While we were at our son’s house having pizza, he was showing me one of his collecting hobbies. He enjoys collecting curious decanters of liquors, liqueurs and wines. I have leaded crystal decanters, but his are more unique. There are skulls, guns, cars and swords. I am not sure if he has tried the various vodkas, mezcal, tequila and other beverages from these decanters. They remind me of the old ceramic wine decanters of the Fifties and Sixties, that I wrote about a few years ago. Two of the bottles were from Casa Vento winery from Italy. The decanter with the hunter and his dog is Casa Vento Chianti, but there is no black cockerel on the bottle. The other of a Falstaffian individual sitting on a couple of wine barrels, while he holds another wine barrel above his head with the tap open is a Casa Vento Vino Santo Duca D’Asti. Both of these bottles have no vintage years on the labels, so I can presume that the wine was bulk table wines made for immediate drinking, and the decanters were more costly than the wine. Both of these wines were imported by Vento Wine Import Inc. of Cleveland, Ohio, and I wonder if this was a vertical structure of the winery at one time. I did a search of the import company and the last listing I could find was 1972. There is a Casa Vento Winery in Italy at the present, but I could not verify, if this is the same winery on the decanters.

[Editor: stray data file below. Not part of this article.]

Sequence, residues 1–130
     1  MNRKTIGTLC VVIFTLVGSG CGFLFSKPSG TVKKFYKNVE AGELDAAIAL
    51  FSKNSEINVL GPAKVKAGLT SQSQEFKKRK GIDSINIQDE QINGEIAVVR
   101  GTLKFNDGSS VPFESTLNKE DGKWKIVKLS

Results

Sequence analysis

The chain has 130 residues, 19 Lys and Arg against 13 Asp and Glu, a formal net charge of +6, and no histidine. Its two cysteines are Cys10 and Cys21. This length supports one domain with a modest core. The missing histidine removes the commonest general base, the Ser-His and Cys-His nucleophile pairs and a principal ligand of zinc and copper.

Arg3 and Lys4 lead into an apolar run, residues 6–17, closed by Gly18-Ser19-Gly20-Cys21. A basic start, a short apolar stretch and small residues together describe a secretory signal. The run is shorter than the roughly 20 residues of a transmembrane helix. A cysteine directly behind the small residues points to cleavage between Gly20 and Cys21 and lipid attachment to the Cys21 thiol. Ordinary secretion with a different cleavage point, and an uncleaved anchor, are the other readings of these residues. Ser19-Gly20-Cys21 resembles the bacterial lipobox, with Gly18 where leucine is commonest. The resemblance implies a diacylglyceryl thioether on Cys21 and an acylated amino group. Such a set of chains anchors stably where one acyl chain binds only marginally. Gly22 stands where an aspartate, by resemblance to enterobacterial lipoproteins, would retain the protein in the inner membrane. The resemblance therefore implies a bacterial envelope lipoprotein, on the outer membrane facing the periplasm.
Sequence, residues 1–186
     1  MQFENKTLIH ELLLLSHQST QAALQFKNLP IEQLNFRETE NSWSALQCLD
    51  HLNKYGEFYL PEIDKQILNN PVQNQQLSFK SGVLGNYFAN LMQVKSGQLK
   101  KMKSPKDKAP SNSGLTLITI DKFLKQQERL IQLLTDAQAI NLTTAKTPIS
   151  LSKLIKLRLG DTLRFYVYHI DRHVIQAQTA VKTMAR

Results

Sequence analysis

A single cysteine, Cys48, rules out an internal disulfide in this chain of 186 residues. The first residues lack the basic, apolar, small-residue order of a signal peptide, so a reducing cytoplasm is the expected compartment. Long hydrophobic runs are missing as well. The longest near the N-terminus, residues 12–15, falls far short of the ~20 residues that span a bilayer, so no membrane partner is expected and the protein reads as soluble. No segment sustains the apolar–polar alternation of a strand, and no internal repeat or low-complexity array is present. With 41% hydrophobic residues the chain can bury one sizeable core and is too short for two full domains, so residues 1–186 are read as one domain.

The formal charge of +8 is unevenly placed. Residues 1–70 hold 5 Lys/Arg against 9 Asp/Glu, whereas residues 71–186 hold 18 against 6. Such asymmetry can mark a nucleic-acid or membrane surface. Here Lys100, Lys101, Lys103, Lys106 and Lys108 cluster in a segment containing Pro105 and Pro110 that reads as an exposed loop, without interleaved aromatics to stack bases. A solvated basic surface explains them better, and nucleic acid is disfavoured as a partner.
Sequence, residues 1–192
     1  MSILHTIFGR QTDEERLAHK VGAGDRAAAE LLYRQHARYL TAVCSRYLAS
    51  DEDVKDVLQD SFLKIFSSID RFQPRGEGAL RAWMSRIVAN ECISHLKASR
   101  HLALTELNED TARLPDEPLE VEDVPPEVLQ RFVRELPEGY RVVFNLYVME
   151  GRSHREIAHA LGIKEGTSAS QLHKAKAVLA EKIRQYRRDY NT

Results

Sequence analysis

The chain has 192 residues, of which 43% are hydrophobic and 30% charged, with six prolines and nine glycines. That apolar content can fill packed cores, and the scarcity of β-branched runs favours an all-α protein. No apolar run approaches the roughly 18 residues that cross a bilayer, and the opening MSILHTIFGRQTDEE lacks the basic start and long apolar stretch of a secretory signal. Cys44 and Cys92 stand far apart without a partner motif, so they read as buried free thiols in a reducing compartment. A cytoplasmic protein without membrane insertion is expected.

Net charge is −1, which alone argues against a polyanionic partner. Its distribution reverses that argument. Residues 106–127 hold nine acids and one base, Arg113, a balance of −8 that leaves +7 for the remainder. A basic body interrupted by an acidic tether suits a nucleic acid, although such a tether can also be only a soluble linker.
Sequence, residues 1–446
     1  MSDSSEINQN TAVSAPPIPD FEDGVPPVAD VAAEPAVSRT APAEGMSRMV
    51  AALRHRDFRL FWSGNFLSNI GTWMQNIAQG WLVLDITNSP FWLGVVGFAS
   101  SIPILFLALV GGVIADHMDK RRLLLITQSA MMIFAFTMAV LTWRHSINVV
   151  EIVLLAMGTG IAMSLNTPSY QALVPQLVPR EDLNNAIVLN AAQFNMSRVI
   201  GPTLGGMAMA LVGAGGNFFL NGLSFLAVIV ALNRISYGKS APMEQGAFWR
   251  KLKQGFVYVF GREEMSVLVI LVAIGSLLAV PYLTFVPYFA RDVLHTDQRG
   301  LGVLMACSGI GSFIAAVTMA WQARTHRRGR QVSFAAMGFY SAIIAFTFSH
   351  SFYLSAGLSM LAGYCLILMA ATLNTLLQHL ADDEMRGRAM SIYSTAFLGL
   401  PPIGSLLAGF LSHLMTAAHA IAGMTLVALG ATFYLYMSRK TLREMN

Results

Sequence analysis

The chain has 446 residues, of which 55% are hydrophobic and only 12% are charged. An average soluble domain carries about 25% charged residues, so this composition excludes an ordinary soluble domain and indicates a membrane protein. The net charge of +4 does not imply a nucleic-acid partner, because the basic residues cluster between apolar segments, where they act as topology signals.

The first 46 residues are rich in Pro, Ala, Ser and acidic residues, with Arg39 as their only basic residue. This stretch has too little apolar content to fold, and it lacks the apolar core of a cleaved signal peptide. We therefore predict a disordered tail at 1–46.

What really caught my eye as I was looking at these curios was that they were from the Proshyan Brandy Factory of Yerevan, Armenia and the “bottles” contained their Semi-Dry Pomegranate wine. Pomegranate wines, and the fruit itself have long been a staple product in Armenia. Armenia has been considered one of the cradles of civilization and they have long been known for producing beer, wine, brandy and later even Cognac. With all of the grapes grown in Armenia, brandy evolved in the Nineteenth Century and brought Armenia fame. After the Genocide, and then Armenia becoming Armenia SSR under the Communists, all the brandy distilleries were not allowed to produce their own product, but they could sell their product to the Yerevan Brandy Company, because the Socialists or Communists were very non-understanding and totally against the concept when it came to the Free Market. When the Soviet Union collapsed, some individuals were able to grasp the concept of individualism, capitalism and pride of craftmanship.
The Proshyan Brandy Factory was originally located in Proshyan, just outside of Yerevan, since 1885. The Socialists or Communists had all but shut down the facility over the years and it was bought in 1995. It soon became the largest Brandy and Cognac producer and reviving an almost lost industry and brought additional pride to the struggling nation, after they achieved their independence from the Soviet Union. They have since branched out into wine, fruit wine, liqueur, vodka and canned fruit. They have also gone into the kitsch market with the novelty decanters, which I am sure are probably a decent selling item for souvenirs and keepsakes. The odds are that my son, will never open the decanters and drink the wine, which is probably good, because I would venture to say that the wine is bulk wine made for immediate consumption and not for cellaring, but they are quaint and add décor to his family room along with his print of Mrs. DeVito’s painting of the man with the two dogs.